Considering population growth, urbanization, and climate change over the next 30 years, some of the world’s hottest places will need major investments in air-conditioning to meet demand during extreme heat events, according to the study. The tropics are particularly vulnerable because their high heat and humidity make for deadly wet-bulb temperatures, and some of these areas have the lowest current rates of AC use. These areas are also highly sensitive to the different emissions scenarios the study evaluated.
Residents of urban centers in the tropics, therefore, face a particularly tough cooling future, especially if the world does not curb greenhouse gas emissions.
“The largest source of uncertainty in the future climate is the human dimension,” said Diffenbaugh.
Cooling Begets Warming
When calculating energy demand, the researchers assumed that increased air-conditioning usage will come in the form of ductless mini split units—wall-mounted air conditioners designed to cool a single room. However, these units have a high up-front cost, and in developing countries, cheaper, less efficient window units will likely fill the demand, said Shelie Miller, an environmental engineer at the University of Michigan who was not involved in the study. “If anything, [the study’s researchers] may be underestimating the electricity demand because they are assuming a much more efficient unit than window ACs.”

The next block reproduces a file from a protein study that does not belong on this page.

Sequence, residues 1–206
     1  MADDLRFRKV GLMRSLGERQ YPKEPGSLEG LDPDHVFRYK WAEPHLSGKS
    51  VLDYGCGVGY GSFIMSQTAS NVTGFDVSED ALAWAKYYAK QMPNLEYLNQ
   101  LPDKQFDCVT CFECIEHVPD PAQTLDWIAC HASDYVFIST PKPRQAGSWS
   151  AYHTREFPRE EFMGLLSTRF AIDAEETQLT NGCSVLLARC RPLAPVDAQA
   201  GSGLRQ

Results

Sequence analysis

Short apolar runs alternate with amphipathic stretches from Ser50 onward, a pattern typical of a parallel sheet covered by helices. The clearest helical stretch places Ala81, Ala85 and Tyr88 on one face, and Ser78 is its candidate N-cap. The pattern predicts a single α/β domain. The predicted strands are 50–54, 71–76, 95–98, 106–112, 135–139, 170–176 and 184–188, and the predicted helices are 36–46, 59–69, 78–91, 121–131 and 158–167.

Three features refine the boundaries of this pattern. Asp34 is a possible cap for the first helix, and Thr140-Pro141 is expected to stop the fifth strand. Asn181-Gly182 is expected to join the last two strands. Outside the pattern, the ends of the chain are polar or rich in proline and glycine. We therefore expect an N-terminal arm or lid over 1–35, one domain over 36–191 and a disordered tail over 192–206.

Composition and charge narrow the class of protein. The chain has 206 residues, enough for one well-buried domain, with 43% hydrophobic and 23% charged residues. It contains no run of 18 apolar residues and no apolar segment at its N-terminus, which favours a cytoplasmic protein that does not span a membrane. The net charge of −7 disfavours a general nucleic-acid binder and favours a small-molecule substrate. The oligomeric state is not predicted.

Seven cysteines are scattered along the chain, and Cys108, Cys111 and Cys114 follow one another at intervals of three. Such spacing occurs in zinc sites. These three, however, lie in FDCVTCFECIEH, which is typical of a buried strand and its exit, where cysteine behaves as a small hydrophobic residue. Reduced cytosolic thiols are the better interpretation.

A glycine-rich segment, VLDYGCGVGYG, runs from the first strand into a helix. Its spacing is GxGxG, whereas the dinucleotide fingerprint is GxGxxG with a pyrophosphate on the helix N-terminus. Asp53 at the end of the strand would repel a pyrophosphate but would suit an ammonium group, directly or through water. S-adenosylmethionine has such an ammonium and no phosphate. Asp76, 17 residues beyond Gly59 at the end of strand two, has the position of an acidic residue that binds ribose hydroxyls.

But blanketing the world in even high-efficiency air conditioners would strain electrical grids and generate greenhouse gases.
Air conditioner manufacturing and usage account for 4% of global greenhouse gas emissions—more than the aviation industry produces, said Jason Woods, a research engineer at the National Renewable Energy Laboratory who was not involved in the study.
“More air-conditioning means more carbon dioxide emissions, which then means more climate warming, which means more air-conditioning energy use,” Woods said. To break that cycle, we need to develop more efficient cooling technologies and power those systems with renewable energy, he added.
The findings highlight widely disparate access to cooling between wealthy and developing nations. Some studies have shown that the gap exists even within individual countries or cities.
“It’s the more affluent people who have access to this cooling,” said Neil Jennings, a geographer at Imperial College London who was not involved with the study. “The presence of that cooling then means that more heat [from the units] is being dumped out into the streets, which then means that those who don’t have access to cooling are exposed to even higher temperatures.”
Renewable energy sources, more efficient cooling solutions, and a return to traditional building practices—such as using dense building materials, windows, and shade to maximize insulation and airflow—may be needed to address the growing number of extreme heat days projected to hit some countries, Woods noted.
“I think [the study] really highlights the need to have action now,” Miller said, “rather than as things continue to get worse over time.”
—Jennifer Schmidt (@DrJenGEO), Science Writer